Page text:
What’s in store for the upcoming state elections

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The Election Commission of India on January 8 announced the schedule of assembly elections in Uttar Pradesh, Punjab, Uttarakhand, Goa, and Manipur. Elections in these five states will be held from February 10 to March 7 in seven phases, and results will be declared on March 10. Here is what the assembly elections entail.

The Bharatiya Janata Party has the highest stakes in the elections

In four of the five states going to polls, the Bharatiya Janata Party (BJP) is in power either on its own or through an alliance (Manipur). To be sure, the BJP has decided to contest the Manipur elections on its own this time. This means that stakes are the highest for the BJP in this round of elections. Of the 690 assembly constituencies, the BJP holds 58.8% of the seats.

The Congress, governing Punjab and the main opposition party in Uttarakhand, Goa and Manipur, won 20.3% of the total seats in the last round of elections to these states. The results of the 2017 assembly elections in these states did not change much in the 2019 general elections as well. Since Uttar Pradesh contributes 63 parliamentary seats to the BJP’s tally of 303 in the Lok Sabha, assembly results in the state will likely set the tone for 2024 national elections.

See Chart 1: Map of seats won by BJP and Congress in 2017 and 2019

Divergence in nature of states

The five election-bound states show great divergence in their geographical and socio-economic characteristics. While Uttar Pradesh is India’s most populous state with its stand-alone population of 199.8 million at the time of 2011 census making it 4th among 216 countries (excluding India) in the world for which data was available in that year from the World Bank, Goa and Manipur are among India’s smallest states in terms of population. Uttarakhand, which was carved out of Uttar Pradesh in 2000, is a sparsely populated hill state.

In terms of rural-urban distribution of population, Goa is the least rural state while Uttar Pradesh has the largest share of rural population. Even in terms of the number of electors per assembly constituency, there is a great variation among these states. This number varies from 373,654 in Uttar Pradesh to just 28,919 in Goa.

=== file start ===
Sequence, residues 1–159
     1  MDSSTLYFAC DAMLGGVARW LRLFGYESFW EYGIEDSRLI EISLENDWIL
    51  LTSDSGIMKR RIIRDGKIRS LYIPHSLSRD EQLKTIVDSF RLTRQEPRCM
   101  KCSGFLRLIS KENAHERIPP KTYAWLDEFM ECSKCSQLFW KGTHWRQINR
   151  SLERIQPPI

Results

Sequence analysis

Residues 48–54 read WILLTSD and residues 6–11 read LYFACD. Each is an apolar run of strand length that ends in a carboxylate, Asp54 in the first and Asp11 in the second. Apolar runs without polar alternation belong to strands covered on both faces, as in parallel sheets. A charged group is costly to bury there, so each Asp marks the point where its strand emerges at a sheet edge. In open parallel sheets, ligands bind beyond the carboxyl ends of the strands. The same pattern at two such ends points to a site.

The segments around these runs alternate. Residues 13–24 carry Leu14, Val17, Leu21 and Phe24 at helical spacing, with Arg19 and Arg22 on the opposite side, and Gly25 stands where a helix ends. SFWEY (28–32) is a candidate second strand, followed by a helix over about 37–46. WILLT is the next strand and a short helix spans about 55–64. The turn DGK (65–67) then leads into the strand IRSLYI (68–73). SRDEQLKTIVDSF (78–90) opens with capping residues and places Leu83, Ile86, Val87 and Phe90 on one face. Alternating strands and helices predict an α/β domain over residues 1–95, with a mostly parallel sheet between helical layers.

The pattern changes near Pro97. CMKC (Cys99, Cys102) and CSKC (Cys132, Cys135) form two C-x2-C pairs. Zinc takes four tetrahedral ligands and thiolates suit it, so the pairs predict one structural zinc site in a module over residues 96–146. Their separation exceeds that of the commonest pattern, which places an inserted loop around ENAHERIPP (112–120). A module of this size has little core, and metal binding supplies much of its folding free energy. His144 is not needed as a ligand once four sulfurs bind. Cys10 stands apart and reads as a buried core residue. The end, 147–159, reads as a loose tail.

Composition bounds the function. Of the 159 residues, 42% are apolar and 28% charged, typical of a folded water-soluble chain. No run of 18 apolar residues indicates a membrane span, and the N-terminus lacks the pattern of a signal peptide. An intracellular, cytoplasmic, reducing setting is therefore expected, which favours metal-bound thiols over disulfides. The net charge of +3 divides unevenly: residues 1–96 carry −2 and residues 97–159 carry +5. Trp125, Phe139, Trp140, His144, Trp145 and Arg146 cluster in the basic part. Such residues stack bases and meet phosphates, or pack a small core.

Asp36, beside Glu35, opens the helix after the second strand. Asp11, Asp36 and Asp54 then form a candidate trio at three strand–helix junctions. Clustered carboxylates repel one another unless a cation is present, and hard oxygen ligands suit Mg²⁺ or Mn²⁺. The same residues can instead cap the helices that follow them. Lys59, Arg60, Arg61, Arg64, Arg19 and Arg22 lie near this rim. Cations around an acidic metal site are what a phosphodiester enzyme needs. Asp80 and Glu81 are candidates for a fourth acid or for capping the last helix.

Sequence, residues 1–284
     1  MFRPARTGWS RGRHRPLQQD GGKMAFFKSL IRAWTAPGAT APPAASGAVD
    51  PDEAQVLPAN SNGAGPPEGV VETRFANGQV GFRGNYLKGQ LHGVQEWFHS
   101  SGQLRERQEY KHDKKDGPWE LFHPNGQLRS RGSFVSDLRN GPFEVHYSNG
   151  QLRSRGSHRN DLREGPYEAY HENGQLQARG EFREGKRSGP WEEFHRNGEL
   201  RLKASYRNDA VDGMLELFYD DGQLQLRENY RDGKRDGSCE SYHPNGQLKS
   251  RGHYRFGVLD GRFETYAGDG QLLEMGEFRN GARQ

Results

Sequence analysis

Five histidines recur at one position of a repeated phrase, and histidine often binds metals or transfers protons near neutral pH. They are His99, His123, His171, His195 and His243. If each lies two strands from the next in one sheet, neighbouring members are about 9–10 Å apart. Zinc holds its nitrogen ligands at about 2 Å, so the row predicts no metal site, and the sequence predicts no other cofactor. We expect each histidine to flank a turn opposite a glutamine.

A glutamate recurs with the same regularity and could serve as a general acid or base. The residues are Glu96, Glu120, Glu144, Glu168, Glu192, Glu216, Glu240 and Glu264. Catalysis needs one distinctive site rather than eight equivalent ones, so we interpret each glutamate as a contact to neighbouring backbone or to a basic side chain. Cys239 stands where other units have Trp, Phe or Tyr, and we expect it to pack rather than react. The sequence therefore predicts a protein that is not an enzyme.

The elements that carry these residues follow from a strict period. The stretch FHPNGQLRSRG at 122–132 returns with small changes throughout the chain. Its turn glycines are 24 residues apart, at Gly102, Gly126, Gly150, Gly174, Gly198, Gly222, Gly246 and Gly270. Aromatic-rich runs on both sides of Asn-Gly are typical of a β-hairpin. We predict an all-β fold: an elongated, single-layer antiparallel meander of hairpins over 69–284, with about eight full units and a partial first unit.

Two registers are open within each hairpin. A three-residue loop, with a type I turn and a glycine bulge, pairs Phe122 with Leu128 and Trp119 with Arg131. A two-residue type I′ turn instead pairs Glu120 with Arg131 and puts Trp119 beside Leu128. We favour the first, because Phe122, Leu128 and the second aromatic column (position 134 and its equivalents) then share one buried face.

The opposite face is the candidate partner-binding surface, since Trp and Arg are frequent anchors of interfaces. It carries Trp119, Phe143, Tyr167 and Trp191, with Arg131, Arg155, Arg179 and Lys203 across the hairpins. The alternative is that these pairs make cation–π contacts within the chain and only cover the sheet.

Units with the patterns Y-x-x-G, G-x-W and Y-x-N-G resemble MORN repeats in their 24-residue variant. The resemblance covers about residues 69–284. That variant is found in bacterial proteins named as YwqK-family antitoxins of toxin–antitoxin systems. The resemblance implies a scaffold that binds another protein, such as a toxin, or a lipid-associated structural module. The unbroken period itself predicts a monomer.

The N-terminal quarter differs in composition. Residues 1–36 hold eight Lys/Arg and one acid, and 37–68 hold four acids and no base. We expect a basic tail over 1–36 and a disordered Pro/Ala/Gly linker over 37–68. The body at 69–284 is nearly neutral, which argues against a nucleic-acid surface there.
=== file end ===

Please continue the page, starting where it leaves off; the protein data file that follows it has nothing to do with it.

See Chart 2: Share of rural-urban population

Composition of the electorate

Different social groups will hold keys to power in each state. While Manipur has among the largest shares of scheduled tribe population in the country, Punjab has the largest share of scheduled caste people. In Uttar Pradesh, other backward classes at 53.2% of its population (Hindu OBCs are 40.5%) will play an important role in the outcome.

Both Uttar Pradesh and Uttarakhand have a predominantly Hindu population, while Punjab, Manipur and Goa have a significant share of religious minorities. After the bifurcation of Jammu and Kashmir into two union territories, Punjab is India’s only major state where a religious minority group (Sikhs) is in majority.

See Chart 3A and 3B: caste and religious composition of population

More than a Congress-BJP contest

These elections are going to be more than just a Congress-BJP contest.

In Uttar Pradesh, the largest state going to polls, the main contest is likely to be between the incumbent BJP and the Samajwadi Party (SP). The SP, after having unsuccessfully tried alliances with the Congress in 2017 and the Bahujan Samaj Party (BSP) in 2019, is contesting in an alliance with the Rashtriya Lok Dal (RLD) and other smaller parties this time.

In Punjab, the Aam Admi Party (AAP), the main opposition in the state, is hoping to make the most of an election where both national parties are facing internal dissent. While the BJP lost its alliance partner Shiromani Akali Dal (SAD, which itself will be fancying its chances in alliance with the BSP) because of the three farm laws, the Congress will face a challenge from Amarinder Singh, the ousted chief minister. The All India Trinamool Congress (TMC) can at least play spoiler or become important in post-poll alliances in Manipur, where it had won seven assembly seats in 2012 but only one in 2017, and also in Goa, where it has formed an alliance with the Maharashtrawadi Gomantak Party (MGP). In both these states, the Congress was the single-largest party in the last assembly election but failed to form a government, as it did not have enough allies for a majority.

Chart 4: AC-level seat share in 2017 and 2019

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